“An outstandingly powerful and relevant novel about sex, death, and Islam.” —Hanif Kureishi

“Astute, graceful, sexually preoccupied, occasionally alarming. . . . Eviscerat[es] the cultural moment.” —The Baltimore Sun

“The characters in Platform are detestable. . . . And the hatred [Michel] expresses . . . is loathsome. . . . But what is wrong with this? Why should literature not be as cruel as life itself? . . . This book offers us an ‘I’ we can relate to–hate, love, fear–without being pointedly obstructed by the author’s tormented cosmology. . . . Moving.” —San Francisco Chronicle

“Brilliant. . . . Reads like a shot. . . . The excitement of Platform is the force with which Houellebecq says the unsayable, his determination to cut through moral equivocation.” —Salon

“[A] dirty novel of ideas. . . . Houellebecq’s sex scenes are hot and bountiful.” —Entertainment Weekly

“An extraordinary blend of pornography, satire and diatribe . . . Houellebecq is an undeniably gifted writer–I found myself reading on, even when the impulse to throw the book across the room grew strong.” —Charles Matthews, San Jose Mercury News

“Odd, subversive entertainment.” —The Boston Globe

“What’s at stake is the desacralizing of sex, its final leap into the realm of pure commodity, the role of implacable consumption in cultural imperialism. . . . It’s not the kind of book you only read once.” —The Village Voice

“Cynical and anomic . . . literary and complex.” –The Atlantic Monthly

“Shockingly vile and shockingly banal, written with an ear toward pissing off just about everyone. . . . Houellebecq’s novel is tough to put down no matter how much you’d like to. . . . Like good porn it’s increasingly difficult to draw your eyes away as it oozes toward climax.” —Austin Chronicle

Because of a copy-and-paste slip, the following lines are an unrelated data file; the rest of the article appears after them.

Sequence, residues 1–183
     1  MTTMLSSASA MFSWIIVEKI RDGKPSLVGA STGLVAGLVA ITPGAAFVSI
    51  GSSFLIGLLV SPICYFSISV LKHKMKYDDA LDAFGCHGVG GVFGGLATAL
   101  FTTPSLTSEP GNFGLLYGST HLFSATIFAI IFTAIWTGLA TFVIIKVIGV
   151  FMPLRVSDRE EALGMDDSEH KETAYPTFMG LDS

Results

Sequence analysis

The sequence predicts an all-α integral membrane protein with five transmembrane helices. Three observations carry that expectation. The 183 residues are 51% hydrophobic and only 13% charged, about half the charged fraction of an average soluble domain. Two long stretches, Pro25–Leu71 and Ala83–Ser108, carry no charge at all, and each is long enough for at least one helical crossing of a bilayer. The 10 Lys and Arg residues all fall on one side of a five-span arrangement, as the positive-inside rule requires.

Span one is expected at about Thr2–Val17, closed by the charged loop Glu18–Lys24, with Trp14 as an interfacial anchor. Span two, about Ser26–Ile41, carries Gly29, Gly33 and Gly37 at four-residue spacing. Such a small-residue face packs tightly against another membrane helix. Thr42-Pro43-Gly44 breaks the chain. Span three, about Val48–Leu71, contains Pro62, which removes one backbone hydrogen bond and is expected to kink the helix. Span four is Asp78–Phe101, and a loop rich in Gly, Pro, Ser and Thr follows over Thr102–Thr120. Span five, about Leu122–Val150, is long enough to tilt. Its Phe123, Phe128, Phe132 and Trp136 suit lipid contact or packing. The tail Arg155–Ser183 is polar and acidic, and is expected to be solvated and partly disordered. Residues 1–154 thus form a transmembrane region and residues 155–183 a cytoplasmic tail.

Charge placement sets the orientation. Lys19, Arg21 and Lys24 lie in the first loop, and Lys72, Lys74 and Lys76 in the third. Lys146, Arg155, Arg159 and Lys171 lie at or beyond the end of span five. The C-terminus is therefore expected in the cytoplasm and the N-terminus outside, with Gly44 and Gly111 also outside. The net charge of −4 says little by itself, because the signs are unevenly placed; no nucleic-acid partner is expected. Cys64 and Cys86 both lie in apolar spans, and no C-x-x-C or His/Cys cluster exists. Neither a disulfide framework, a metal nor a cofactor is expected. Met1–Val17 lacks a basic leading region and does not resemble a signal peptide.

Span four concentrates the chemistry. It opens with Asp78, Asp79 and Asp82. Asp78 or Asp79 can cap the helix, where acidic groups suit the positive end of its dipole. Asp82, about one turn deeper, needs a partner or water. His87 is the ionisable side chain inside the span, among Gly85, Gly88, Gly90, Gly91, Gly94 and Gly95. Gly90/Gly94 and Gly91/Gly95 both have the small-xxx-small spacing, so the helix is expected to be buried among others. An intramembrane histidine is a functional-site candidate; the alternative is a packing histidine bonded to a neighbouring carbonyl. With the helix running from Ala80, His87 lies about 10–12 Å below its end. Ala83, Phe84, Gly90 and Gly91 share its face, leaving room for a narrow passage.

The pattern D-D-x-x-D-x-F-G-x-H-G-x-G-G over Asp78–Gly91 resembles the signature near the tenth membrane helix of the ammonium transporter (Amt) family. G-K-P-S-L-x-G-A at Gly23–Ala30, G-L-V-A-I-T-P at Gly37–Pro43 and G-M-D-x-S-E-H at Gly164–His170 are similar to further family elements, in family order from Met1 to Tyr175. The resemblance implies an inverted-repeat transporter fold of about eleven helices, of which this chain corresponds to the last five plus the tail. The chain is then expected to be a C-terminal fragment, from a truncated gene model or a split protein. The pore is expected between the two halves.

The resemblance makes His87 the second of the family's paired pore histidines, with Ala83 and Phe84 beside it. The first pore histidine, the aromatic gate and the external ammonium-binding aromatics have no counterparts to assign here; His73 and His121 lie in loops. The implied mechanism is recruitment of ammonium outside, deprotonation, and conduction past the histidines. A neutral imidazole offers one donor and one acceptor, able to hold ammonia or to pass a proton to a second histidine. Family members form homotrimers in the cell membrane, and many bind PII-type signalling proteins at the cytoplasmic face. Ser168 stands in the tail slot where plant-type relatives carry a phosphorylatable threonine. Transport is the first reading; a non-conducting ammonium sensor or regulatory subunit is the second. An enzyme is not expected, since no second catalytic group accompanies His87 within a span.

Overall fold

“A work of considerable imagination and wit. Even when the reader is most repelled, he may want to view the writer with grudging admiration. . . . [Michel Renault’s rants] are very funny, and . . . very true.” —The Sunday Star-Ledger (Newark, NJ)

Platform cuts precisely to the core of every imaginable big-picture problem facing the world. . . . Houellebecq knows how to get a rise out of his readers. . . . His prejudices are serious, and current.” —American Book Review

“Houellebecq writes with an honesty and an anomic conviction that raises his novels, beyond any single troubling moment, toward genius.” —Toronto Globe and Mail

“The most important book of the year–and perhaps of the century thus far. . . . Dazzling and prescient. . .Houellebecq [is] one of the finest novelists of ideas alive.” —Evening Standard (London)

“Brilliant. . .A thrilling read, close to Swift’s A Modest Proposal in its impact.” —Daily Telegraph (London)

“Extraordinarily good. . . Houellebecq is one of the few novelists working in any language who properly understands the tensions of the present age. He is also utterly fearless in articulating this.” —New Statesman

“Houellebecq writes with humor as sharp as a razor’s edge. There is bravery and even bravado in [his] prose. He alone among contemporary writers is prepared to do what the likes of Orwell and Huxley did and put up a mirror to our past and project its reflection on the future.” —Financial Times (London)


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Customer Reviews

I found this book dull.
Andrew Hollins